Movies of the Week #33-34 (2022)

Herr Lehmann (2003): I’d have probably loved HL if I’d seen it on release – a movie set just before the fall of the Berlin wall, led by a young bloke with no aspirations, but a love thorn to spur him on. With a set of interesting characters, including a small part for pre-fame Christoph Waltz, HL recreates a world that’s ripe for romantic aspirations. Sometimes it doesn’t go about things effectively though, losing tempo and proving inconsistent, which is why I can’t love it as I once might have. But Lehmann remains a quaint story that you can let yourself sink into. 7

The Dresser (2015): Having Ian McKellen and Anthony Hopkins together in any movie is something that I’d expect to get a lot of hype. Yet, The Dresser flew under the radar, probably because it’s an adaptation of a play and a reinterpretation of the 1983 original. Hopkins plays an aging, unpredictable actor, while McKellen is his dresser/confidant, in a tense, unpleasant, but captivating set-up. As expected, seeing the cast play it all out is a joy to behold, even if the movie never asserts itself as a truly memorable piece of filmmaking, treading familiar terrain and topics. 7

Spin Me Round (2022): If you’re up for an unusual movie, this one should be right up your alley. A corporate trip to lush old Italy for the managers of a few chain restaurants proves to be mysterious and unpredictable. Alison Brie is a reliable lead, as always, and her character provides the seriousness that grounds a cast of awkward misfits. While the movie fails to click perfectly, it’s still an intriguing experience with an unexpected pay-off. 7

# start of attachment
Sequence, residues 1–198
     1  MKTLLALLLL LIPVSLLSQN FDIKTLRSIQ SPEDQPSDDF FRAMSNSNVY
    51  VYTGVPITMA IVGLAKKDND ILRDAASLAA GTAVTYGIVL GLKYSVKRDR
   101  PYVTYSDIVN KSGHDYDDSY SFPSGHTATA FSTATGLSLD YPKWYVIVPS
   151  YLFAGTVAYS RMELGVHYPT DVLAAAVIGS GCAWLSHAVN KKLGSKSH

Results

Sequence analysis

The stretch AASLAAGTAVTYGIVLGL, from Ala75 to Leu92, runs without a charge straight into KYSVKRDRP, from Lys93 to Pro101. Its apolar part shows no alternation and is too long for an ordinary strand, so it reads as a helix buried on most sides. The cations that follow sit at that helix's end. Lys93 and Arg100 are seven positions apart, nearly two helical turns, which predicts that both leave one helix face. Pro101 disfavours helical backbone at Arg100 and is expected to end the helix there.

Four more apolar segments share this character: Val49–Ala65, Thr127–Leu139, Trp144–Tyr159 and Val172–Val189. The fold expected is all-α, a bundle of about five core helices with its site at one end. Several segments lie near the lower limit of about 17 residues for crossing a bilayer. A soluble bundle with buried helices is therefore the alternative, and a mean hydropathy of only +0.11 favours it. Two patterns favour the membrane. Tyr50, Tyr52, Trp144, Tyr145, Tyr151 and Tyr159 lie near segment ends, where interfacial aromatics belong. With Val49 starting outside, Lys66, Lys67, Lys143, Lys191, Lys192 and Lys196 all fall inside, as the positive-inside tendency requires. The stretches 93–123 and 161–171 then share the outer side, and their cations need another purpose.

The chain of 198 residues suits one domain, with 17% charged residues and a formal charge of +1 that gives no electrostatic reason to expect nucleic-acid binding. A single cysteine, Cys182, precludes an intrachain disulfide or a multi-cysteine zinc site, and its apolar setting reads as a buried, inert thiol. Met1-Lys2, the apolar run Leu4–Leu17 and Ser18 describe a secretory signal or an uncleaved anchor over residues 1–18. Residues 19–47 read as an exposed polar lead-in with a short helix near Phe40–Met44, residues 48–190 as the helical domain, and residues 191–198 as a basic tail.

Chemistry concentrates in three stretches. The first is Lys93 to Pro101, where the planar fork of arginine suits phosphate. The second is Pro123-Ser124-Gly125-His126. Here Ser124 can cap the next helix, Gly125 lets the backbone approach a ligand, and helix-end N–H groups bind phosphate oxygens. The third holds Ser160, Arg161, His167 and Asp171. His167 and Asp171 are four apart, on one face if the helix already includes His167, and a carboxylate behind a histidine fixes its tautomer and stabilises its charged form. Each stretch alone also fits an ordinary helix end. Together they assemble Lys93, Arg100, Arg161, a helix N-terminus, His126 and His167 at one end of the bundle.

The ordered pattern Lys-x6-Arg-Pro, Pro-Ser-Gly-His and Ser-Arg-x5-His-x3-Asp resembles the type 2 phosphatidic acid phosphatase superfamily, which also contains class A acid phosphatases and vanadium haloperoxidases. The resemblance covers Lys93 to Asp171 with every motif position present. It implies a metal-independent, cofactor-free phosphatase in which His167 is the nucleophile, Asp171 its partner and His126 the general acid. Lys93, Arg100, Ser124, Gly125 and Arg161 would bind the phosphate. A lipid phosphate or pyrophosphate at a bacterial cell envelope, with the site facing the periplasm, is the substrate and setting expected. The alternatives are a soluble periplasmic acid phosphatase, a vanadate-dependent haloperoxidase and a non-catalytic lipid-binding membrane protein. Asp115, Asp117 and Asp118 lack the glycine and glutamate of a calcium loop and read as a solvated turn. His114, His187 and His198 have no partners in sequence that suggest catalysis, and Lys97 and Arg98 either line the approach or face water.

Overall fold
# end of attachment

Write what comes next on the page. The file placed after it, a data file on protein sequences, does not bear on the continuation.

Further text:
Bullet Train (2022): I had some hopes for BT after the inspired trailer that I’d seen more times than I can count over many months of aggressive marketing. Naturally, that meant it would be a bit of a letdown, but it’s not enough of one to stop you from having a good time. A fun cast ensures that even when jokes fall flat or feel rehashed, you’ll look past it, but there’s just too much self-aware coolness to make for a really cool movie. Plentiful action, a contrived plot, ludicrous set-pieces all add up to a certain kind of cinematic flexing, which doesn’t sit really well with pretentious snobs like me. 6

Beast (2022): There’s something just so off-putting about stupid, bratty teenagers used to make things happen in movies. Why is it so hard to just stay in the car? #oldmanrant Anyhow, Beast still works well enough for a familiar, but well executed man versus beast scenario. It’s interesting to see a lead (Idris Elba) who is not a hero, but a guy in need of luck and grit to survive, which is what makes Beast a little more than just a face off against an angry Scar. 6

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